The Australian equities market has been nothing if not robust since 2012, turning in six positive calendar years of performance to 2017. As a result, the negative performance of calendar 2018 served as a reminder that alternative sources of returns are required to ensure balance within an investor's portfolio.
However, alternatives in the form of Australian market neutral funds largely turned in a relatively disappointing performance over 2018, with Zenith’s rated funds returning an average of -3.2% (after fees), which was roughly in line with broader Australian equities.
Given the performance outcomes, investors could be justified in questioning the diversification benefits of market neutral strategies. Drawing from Zenith’s 2019 Market Neutral Sector Review, we investigate some of the key factors behind the recent performance of Zenith’s rated Australian market neutral funds.
What contributed to the negative performance in 2018?
Despite broader market volatility, there was low dispersion (variation of returns) amongst individual stocks. Market neutral strategies take long positions in stocks they believe are likely to rise and short sell stocks that they expect to fall. Accordingly, greater levels of stock dispersion correspond to a healthier market environment for active managers to outperform. Stock dispersion levels have been at historical lows over the 2018 calendar year.
In addition to the reduced dispersion, Australian market neutral funds typically maintain a net long bias towards smaller companies, holding a greater portion of smaller companies in the long portfolio relative to the short portfolio.
Given the difficulties of short selling smaller companies, this is not unexpected. Limited availability of stock borrow increases the costs of short selling smaller companies. This combined with limited liquidity and heightened levels of volatility makes smaller companies a challenging segment of the market for managers to enact short positions.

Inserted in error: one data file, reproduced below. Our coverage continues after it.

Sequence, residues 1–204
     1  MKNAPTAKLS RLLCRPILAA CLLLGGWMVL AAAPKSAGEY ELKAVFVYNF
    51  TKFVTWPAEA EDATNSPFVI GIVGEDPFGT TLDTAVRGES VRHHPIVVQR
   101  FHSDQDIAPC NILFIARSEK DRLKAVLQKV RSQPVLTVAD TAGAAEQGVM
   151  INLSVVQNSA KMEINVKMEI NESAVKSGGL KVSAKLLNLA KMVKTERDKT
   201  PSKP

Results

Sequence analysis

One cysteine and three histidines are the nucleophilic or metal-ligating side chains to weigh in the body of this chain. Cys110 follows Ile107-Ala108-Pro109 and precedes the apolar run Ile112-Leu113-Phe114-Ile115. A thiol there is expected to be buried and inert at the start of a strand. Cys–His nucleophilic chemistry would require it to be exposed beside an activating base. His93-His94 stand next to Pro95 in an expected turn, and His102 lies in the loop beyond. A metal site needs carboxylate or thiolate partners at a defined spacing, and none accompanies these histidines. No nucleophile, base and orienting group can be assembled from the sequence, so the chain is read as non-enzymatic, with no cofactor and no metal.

With the structural size bias in portfolios, dislocations in performance between larger and smaller companies can have a material impact on the returns of market neutral funds. The 5.6% relative underperformance of Australian smaller companies versus larger companies of over 12-month period ending 31 December 2018 underpinned the strong headwind that market neutral managers faced in 2018.
Where were the expected diversification benefits from our market neutral funds in the equity market drawdown in the fourth quarter 2018?
While alternative investments such as market neutral strategies are expected to provide diversification benefits to an investor’s portfolio, market neutral strategies are expected to have no correlation to equity markets, not negative correlations. Zenith believes this is a very important distinction and one that is often forgotten.
As shown in the chart below, market neutral funds can exhibit slightly positive or negative correlations to Australian equities at different times in the cycle, even if the longer-term average is approximately zero.
Chart Source: Fund Managers, Reuters
Importantly, Zenith notes that Australian market neutral funds protected capital relative to the Australian equity market in the fourth quarter of 2018, with the average fund falling 5.8% versus 8.4% for the broader market.
Given the relatively disappointing recent outcomes, should investors maintain an exposure to market neutral funds?
Zenith believes it is important to remember that market neutral funds are expected to have a low correlation, not negative correlation, with equities. As such, there may be short periods where market neutral strategies exhibit similar directional movements with equities. However, in these relatively isolated instances where both experience negative returns, we expect market neutral strategies to protect capital, as was the case in 2018.
Ultimately, we maintain belief that market neutral strategies are an important diversifier in an investor’s portfolio.
By Quan Nguyen, Head of Equities